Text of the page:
That's why I highly recommend, if you're doing labor scheduling now, that you consider a compressed timeline, an extended timeline, and a normal timeline. Say to yourself, “How could we handle if our city closed down projects for X amount of time, and then opened all projects back up? How would we address that? What would be our strategy? At least have some ideas so that when that hits, you're not surprised, because at the end of the day, everyone else is going to be suffering the same thing. Everyone else is going to be struggling to get man up projects and execute, because we simply have limited labor and limited staff. So, being able to prepare for those situations is going to be important, but also being able to be reasonable with those is a delicate balance. You're not going to work all your people 80 to 100 hours a week, or at least I hope you wouldn’t do that. Not only is that inefficient, as I just mentioned from a utilization and diminishing returns perspective, but you're going to burn out your people, they're going to quit, and they're going to go somewhere else where people aren't expecting them to work those kinds of hours.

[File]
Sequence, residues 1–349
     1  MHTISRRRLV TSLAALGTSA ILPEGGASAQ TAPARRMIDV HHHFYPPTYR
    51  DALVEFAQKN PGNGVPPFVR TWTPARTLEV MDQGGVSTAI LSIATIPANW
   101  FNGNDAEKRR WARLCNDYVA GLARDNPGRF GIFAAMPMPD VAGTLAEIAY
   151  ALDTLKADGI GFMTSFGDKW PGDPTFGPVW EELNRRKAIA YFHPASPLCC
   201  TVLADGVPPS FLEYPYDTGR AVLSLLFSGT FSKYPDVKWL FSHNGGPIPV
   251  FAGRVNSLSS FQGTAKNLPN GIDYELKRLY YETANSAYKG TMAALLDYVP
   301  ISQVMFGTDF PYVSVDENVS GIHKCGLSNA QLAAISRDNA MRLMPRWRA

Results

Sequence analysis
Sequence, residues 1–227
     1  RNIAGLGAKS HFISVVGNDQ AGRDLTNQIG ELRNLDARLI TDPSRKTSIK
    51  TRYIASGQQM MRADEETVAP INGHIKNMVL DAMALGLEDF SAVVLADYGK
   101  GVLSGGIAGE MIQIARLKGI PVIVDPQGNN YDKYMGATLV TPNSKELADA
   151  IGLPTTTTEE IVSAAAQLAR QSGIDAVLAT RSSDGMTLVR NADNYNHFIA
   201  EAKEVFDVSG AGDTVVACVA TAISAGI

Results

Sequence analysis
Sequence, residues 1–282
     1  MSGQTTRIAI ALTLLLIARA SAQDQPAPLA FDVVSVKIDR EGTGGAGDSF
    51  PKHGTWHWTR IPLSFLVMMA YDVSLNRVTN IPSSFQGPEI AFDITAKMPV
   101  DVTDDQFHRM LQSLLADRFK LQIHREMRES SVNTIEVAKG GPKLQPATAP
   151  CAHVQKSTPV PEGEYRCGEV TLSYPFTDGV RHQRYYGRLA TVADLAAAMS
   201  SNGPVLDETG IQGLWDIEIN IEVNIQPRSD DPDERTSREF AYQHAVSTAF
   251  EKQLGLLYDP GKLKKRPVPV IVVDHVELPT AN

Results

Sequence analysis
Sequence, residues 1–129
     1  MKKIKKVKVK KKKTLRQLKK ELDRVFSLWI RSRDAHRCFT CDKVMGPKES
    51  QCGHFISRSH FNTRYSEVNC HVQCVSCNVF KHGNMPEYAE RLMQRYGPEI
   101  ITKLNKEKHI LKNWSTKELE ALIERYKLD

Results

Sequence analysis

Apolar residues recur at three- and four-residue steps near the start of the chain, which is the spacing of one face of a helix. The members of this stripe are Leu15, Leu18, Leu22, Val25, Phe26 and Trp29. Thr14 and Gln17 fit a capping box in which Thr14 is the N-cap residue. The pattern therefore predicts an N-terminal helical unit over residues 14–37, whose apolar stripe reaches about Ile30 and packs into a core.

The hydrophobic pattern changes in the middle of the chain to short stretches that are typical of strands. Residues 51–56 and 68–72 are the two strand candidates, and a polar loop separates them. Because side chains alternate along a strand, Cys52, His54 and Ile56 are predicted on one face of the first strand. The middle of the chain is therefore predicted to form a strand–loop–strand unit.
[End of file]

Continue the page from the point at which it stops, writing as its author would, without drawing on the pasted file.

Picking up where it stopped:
So that being said, that's a look at scheduling out labor, common tasks, and some strategies, theory, and thought behind it. I hope this has been helpful. If you have any questions, please do not hesitate to reach out.  


Thank you so much, and I look forward to enlightening you in our next post where we will start to discuss how to manage project costs. Thanks a ton, and take care! 


Phil Zito

Written by Phil Zito